Precinct 4: It's Good to Be the Incumbent
Challenging an incumbent is a tough job, but somebody's gotta do it
Longtime incumbents may suffer the slings and arrows of angry constituents, but they often prove to be formidable fixtures during an election year. Just ask Raul Alvarez, who by now – some six weeks before the March 2 primary – had hoped to have acquired more political traction in his effort to unseat Precinct 4 Travis County Commissioner Margaret Gómez, who has served on the commissioners court since 1995.
Gómez has already picked up endorsements from a number of influential and well-financed public safety unions. Alvarez, a former two-term City Council member and current trustee on the Austin Community College board, had been rumored to be a likely winner in the Central Labor Council's candidate screening process last weekend. But the CLC – the umbrella group of the Austin AFL-CIO – took a pass on endorsing in the Precinct 4 race, based in part on recent polling results that raised doubts about Alvarez's ability to topple Gómez in the Democratic primary.
The nonendorsement, however, clears the way for the two dozen or so member affiliates to make their own endorsements, so labor-friendly Alvarez is likely to pick up support from individual unions – possibly including the one that represents Capital Metro employees, who were often at odds with Gómez during her tenure on the transit agency board, where she most recently served as chair. While the Central Labor Council endorsed Gómez in previous elections, the group's nonendorsement this time around can still be viewed as a positive for the incumbent, said political consultant David Butts, who is supporting Gómez but is not currently employed by her campaign. The CLC "recognized that Raul has to swim a lot harder if he wants to get there," Butts said of Alvarez's slow campaign start. Still, Butts allowed that Alvarez is an experienced campaigner who has demonstrated his greatest strengths at the grassroots level. Additionally, his support list carries strong whiffs of his old City Hall stomping grounds, with high-profile backers such as former Mayor Will Wynn, who hosted a fundraiser for Alvarez, and former Mayor Pro Tem Betty Dunkerley mixed in among several prominent environmental activists. Precinct 4 includes parts of Downtown, South Austin – including key boxes in the 78704 ZIP code – and southeast Austin.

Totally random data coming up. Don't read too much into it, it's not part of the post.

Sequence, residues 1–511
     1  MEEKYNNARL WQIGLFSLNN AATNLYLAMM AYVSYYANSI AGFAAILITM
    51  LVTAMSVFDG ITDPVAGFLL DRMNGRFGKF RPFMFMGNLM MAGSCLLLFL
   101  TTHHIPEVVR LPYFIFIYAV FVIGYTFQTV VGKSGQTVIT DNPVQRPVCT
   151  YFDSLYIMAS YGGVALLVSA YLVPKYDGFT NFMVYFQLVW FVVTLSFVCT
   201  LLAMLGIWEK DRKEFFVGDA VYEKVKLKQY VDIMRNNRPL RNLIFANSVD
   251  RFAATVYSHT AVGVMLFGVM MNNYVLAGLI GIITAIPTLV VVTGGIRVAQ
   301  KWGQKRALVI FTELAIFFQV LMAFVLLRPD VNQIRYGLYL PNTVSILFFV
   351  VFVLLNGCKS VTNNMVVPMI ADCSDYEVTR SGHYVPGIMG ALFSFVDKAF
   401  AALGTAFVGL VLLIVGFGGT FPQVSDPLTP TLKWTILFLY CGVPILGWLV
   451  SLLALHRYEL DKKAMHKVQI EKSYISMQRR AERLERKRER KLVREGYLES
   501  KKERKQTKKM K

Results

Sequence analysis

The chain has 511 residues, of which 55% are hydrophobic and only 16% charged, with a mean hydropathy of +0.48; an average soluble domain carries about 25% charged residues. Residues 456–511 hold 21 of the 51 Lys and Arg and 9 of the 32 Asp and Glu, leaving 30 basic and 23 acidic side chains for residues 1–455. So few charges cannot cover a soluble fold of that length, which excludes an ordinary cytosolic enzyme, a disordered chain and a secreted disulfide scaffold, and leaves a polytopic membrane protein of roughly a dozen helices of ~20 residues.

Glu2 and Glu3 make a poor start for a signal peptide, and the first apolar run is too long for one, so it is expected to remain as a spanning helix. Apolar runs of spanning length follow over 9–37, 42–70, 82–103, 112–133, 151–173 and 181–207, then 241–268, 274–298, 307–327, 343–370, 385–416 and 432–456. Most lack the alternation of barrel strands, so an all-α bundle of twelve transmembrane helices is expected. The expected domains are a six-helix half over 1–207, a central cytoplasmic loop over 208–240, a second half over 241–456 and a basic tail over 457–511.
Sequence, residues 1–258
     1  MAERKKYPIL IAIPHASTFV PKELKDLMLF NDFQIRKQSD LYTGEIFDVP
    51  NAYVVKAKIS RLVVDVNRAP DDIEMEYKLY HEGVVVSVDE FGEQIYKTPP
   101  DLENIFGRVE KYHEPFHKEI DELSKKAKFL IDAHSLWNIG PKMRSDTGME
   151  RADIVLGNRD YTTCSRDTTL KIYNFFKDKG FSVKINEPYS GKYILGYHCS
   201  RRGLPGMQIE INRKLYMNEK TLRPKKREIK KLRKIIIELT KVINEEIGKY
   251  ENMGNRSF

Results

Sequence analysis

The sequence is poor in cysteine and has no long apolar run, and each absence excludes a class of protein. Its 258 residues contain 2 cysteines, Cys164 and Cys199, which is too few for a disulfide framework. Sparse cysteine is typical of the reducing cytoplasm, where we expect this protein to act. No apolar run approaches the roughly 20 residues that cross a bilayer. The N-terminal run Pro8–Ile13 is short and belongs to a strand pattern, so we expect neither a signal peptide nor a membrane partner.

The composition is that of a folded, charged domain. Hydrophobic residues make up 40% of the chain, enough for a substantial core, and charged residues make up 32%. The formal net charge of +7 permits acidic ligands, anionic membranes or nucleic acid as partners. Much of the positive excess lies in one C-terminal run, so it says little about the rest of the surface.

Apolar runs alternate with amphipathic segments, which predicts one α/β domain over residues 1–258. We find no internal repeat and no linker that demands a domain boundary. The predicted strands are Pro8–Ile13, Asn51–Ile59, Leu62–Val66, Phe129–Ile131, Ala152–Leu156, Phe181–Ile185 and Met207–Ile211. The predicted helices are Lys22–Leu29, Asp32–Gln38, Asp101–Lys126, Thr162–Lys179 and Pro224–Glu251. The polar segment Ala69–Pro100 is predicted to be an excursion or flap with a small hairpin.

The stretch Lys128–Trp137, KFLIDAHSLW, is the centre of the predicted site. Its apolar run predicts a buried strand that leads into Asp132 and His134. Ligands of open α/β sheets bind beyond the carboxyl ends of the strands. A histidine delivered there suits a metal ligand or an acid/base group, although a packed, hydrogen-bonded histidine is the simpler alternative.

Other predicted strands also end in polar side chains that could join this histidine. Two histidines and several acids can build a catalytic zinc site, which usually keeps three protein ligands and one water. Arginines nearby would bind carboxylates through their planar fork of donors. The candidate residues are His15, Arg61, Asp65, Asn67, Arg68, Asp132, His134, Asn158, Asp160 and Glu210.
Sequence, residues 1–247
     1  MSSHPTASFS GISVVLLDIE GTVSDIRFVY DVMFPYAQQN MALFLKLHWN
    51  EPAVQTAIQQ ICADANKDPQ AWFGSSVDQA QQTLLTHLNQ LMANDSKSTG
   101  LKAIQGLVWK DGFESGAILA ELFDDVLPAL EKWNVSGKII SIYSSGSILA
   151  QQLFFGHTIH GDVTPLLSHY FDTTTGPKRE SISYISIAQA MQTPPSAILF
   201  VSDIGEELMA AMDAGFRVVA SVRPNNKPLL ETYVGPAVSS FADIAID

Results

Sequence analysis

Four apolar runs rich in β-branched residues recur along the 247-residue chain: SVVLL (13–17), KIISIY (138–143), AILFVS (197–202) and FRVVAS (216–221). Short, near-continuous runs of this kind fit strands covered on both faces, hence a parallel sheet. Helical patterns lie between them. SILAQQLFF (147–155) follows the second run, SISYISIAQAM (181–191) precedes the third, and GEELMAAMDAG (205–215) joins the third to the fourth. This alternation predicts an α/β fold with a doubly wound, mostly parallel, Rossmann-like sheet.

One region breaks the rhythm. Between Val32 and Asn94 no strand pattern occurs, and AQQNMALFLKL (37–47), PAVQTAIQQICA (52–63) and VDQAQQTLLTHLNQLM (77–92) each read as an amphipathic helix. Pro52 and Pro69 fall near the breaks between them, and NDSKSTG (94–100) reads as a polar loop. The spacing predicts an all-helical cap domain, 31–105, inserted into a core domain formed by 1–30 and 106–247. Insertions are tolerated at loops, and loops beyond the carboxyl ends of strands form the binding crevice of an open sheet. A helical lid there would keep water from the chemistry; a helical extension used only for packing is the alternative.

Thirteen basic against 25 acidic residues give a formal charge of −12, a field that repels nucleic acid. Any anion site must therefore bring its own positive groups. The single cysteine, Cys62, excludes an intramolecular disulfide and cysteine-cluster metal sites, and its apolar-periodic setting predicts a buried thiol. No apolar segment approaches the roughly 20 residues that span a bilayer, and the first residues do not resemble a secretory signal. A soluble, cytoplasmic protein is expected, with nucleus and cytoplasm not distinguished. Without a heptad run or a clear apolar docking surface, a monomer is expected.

On the Democratic club circuit, Gómez picked up the South Austin Democrats' endorsement Tuesday night in a close contest following a candidates forum at the Gardner Betts Juvenile Center. SAD was the first Dem group to kick off the rounds of club endorsements before early voting begins Feb. 16. Gómez, a lifelong resident of South Austin, delivered her remarks in the confident, measured tone of an incumbent who's spent most of her adult life on the campaign trail. She focused on her accomplishments while Alvarez honed in on work that still needs to be done. If county commissioners are going to be making decisions about landfills, he told the crowd, they should also be crafting zero-waste road maps for the future.